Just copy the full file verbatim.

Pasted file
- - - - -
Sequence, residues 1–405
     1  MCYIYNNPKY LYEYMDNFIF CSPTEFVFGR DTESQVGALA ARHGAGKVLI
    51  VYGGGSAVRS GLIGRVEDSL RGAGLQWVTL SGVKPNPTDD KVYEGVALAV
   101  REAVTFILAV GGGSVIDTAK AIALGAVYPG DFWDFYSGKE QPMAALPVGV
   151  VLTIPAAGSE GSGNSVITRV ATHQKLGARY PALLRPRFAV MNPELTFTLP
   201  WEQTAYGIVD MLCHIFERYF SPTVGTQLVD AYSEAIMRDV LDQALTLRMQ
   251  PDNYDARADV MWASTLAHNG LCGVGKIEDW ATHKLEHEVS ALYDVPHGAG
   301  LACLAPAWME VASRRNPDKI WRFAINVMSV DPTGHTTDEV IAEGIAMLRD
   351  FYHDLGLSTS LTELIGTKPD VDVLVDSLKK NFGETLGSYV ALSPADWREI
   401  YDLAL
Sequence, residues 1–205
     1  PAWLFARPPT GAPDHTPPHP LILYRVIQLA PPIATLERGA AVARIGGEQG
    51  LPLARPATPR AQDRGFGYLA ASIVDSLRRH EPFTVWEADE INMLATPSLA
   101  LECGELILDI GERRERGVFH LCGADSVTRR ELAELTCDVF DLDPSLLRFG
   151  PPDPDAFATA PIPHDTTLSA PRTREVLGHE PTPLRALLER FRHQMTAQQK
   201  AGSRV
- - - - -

Sequence, residues 1–405
     1  MCYIYNNPKY LYEYMDNFIF CSPTEFVFGR DTESQVGALA ARHGAGKVLI
    51  VYGGGSAVRS GLIGRVEDSL RGAGLQWVTL SGVKPNPTDD KVYEGVALAV
   101  REAVTFILAV GGGSVIDTAK AIALGAVYPG DFWDFYSGKE QPMAALPVGV
   151  VLTIPAAGSE GSGNSVITRV ATHQKLGARY PALLRPRFAV MNPELTFTLP
   201  WEQTAYGIVD MLCHIFERYF SPTVGTQLVD AYSEAIMRDV LDQALTLRMQ
   251  PDNYDARADV MWASTLAHNG LCGVGKIEDW ATHKLEHEVS ALYDVPHGAG
   301  LACLAPAWME VASRRNPDKI WRFAINVMSV DPTGHTTDEV IAEGIAMLRD
   351  FYHDLGLSTS LTELIGTKPD VDVLVDSLKK NFGETLGSYV ALSPADWREI
   401  YDLAL
Sequence, residues 1–205
     1  PAWLFARPPT GAPDHTPPHP LILYRVIQLA PPIATLERGA AVARIGGEQG
    51  LPLARPATPR AQDRGFGYLA ASIVDSLRRH EPFTVWEADE INMLATPSLA
   101  LECGELILDI GERRERGVFH LCGADSVTRR ELAELTCDVF DLDPSLLRFG
   151  PPDPDAFATA PIPHDTTLSA PRTREVLGHE PTPLRALLER FRHQMTAQQK
   201  AGSRV